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Welcome to the Encyclopedia of Science Fiction, Fourth Edition. Some sample entries appear below. Click here for the Introduction; here for the masthead; here for Acknowledgments; here for the FAQ; here for advice on citations. Find entries via the search box above (more details here) or browse the menu categories in the grey bar at the top of this page.

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MacDonald, Philip

(1900-1980) UK-born screenwriter and author of detective novels, son of Ronald MacDonald and grandson of George MacDonald, in California from 1931. He was best known for a series of detective novels, most featuring the amateur investigator Anthony Gethryn, beginning with The Rasp (1924) and including the remarkable serial-killer procedurals Murder Gone Mad (1931) and X v. Rex (1933 as by Martin Porlock; vt Mystery of the Dead Police 1933; vt The Mystery of Mr. X 1934); at least four of his ...

Allen, Johannes

(1916-1973) Danish journalist and author of popular fiction and film scripts from about 1941. Among his few sf titles the best known is Data for din død (1970; trans Marianne Helweg as Data for Death 1971), which tells of a criminal organization whose acquisition of advanced Computer techniques permits it to blackmail people with information about their time of death. [ND]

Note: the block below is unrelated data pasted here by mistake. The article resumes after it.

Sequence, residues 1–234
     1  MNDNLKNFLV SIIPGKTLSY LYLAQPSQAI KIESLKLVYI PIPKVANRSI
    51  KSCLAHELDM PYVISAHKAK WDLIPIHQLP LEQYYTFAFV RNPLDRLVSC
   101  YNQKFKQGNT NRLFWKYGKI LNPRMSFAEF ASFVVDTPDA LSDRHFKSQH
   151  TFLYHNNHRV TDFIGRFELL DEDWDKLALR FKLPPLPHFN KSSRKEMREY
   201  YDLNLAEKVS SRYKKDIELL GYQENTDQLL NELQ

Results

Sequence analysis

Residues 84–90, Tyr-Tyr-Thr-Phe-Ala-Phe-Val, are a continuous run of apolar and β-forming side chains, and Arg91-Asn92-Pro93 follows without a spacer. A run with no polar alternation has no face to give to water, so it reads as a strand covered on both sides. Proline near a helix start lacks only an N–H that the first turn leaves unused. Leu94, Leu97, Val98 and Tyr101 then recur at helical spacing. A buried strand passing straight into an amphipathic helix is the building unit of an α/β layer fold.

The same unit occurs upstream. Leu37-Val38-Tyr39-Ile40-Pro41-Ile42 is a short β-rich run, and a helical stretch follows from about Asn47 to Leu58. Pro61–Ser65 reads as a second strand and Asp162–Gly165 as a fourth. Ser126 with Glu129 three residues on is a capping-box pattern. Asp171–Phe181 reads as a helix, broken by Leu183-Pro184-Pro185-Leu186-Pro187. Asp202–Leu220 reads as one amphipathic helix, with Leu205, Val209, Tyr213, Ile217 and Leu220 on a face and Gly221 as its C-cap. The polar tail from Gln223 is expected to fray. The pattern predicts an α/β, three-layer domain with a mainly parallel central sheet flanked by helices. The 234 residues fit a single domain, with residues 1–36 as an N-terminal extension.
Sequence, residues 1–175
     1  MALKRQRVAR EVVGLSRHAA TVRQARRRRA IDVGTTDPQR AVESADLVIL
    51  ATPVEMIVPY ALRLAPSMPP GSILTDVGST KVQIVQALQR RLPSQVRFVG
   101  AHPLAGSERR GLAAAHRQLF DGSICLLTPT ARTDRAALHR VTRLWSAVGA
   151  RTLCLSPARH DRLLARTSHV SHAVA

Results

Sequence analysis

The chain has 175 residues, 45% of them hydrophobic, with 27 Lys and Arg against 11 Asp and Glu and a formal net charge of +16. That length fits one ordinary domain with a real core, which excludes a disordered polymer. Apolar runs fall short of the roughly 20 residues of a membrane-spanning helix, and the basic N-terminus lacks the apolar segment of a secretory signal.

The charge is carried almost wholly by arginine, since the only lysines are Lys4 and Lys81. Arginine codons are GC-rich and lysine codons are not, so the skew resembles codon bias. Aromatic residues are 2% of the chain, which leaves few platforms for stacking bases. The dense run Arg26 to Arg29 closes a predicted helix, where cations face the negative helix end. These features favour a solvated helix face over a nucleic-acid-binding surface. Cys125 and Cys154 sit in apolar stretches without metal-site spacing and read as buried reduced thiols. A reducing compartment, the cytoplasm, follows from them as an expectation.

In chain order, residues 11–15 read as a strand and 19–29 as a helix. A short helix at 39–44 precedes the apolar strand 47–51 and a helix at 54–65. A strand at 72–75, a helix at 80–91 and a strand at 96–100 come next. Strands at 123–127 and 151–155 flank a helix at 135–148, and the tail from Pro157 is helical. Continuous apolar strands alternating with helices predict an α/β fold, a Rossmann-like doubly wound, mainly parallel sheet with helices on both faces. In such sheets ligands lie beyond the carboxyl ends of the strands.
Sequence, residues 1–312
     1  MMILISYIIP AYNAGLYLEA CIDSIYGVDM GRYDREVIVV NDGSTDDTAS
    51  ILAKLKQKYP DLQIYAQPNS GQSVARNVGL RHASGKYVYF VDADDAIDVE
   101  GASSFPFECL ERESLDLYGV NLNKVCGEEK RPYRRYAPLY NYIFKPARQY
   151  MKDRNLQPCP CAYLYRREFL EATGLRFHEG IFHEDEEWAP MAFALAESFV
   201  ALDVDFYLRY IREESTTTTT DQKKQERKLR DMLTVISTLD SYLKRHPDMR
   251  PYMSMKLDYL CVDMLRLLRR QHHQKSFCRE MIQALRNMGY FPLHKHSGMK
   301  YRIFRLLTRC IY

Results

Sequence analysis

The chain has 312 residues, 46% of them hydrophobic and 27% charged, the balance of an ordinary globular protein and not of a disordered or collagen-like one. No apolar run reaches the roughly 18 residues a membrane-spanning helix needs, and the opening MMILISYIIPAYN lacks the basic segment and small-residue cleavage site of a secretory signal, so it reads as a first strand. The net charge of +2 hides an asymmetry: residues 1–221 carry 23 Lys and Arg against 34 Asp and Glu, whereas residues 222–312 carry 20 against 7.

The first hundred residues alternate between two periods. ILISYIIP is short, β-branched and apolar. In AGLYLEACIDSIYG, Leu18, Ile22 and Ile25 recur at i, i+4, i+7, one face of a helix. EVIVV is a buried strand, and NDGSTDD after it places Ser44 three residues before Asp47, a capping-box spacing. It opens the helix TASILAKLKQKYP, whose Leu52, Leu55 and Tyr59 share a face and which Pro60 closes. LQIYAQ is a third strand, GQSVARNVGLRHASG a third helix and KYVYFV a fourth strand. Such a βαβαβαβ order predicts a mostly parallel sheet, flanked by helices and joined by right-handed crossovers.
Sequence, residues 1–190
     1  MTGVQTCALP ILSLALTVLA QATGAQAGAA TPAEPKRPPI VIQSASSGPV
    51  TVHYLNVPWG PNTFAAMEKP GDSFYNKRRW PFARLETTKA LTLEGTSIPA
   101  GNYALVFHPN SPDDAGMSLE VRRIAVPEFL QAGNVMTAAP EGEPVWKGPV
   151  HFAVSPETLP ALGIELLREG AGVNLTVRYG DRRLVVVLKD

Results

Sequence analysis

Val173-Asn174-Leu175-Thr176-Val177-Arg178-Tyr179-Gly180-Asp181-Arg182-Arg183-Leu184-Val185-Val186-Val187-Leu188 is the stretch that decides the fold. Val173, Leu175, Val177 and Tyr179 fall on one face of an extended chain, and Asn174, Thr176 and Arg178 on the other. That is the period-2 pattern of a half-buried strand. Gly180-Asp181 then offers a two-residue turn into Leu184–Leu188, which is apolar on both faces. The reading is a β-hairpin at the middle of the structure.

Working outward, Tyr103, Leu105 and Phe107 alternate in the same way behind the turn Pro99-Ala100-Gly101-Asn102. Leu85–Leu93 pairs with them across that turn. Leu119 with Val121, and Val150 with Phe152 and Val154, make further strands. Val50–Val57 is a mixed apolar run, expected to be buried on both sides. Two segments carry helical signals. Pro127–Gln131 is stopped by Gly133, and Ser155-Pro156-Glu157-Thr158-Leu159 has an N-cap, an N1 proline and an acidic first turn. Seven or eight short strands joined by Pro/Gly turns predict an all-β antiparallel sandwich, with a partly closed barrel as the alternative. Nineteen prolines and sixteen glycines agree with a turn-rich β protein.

Canty, Thomas

(1952-    ) US illustrator known for his pale, delicate style, for the Art Nouveau-inspired, ethereal women he often paints, and for his use of stylized costume details. His approach has been famously described by Terri Windling as "New Romanticism", said to contrast with the "Heroic" style associated with artists like Frank Frazetta. Canty's fame is out of proportion to the amount of work (mostly book covers) he has published, though he works also under pseudonyms. While he ...

Comic Inferno

A more or less self-explanatory item of Terminology coined by Kingsley Amis in New Maps of Hell: A Survey of Science Fiction (1960), describing sf which cheerfully extracts Satire or outright black Humour from a scenario rooted in Dystopia. Examples cited by Amis include Anthony Boucher's "Barrier" (September 1942 Astounding as "The Barrier"), Frederik Pohl's "The Midas Plague" (April 1954 Galaxy), Robert Sheckley's "A Ticket to Tranai" (October 1955 Galaxy) and William Tenn's "Null-P" (January ...

Science Fantasy News

UK Fanzine (1949-1960) edited by A Vincent Clarke and "sub-editor" Kenneth Bulmer. Fifteen issues from #1 (January 1949, dated Winter 1948) to #16 (June 1960) – there was no #6 – plus four interim issues titled SFN Minor (all 1949) and separately numbered, and some other addenda. The format varied from half-foolscap (#1-#4) to UK quarto (#5, #13-#16) to full foolscap (#9-#12); all issues were stencil-duplicated; page count ranged from 4pp to 24pp. / Science Fantasy News began as ...

Nicholls, Peter

(1939-2018) Australian editor and author, primarily a critic and historian of sf through his creation and editing of The Encyclopedia of Science Fiction [see below]; resident in the UK 1970-1988, in Australia from 1988; worked as an academic in English literature (1962-1968, 1971-1977), scripted television documentaries, was a Harkness Fellow in Film-making (1968-1970) in the USA, worked as a publisher's editor (1982-1983), often broadcast film and book reviews on BBC Radio from 1974 and ...

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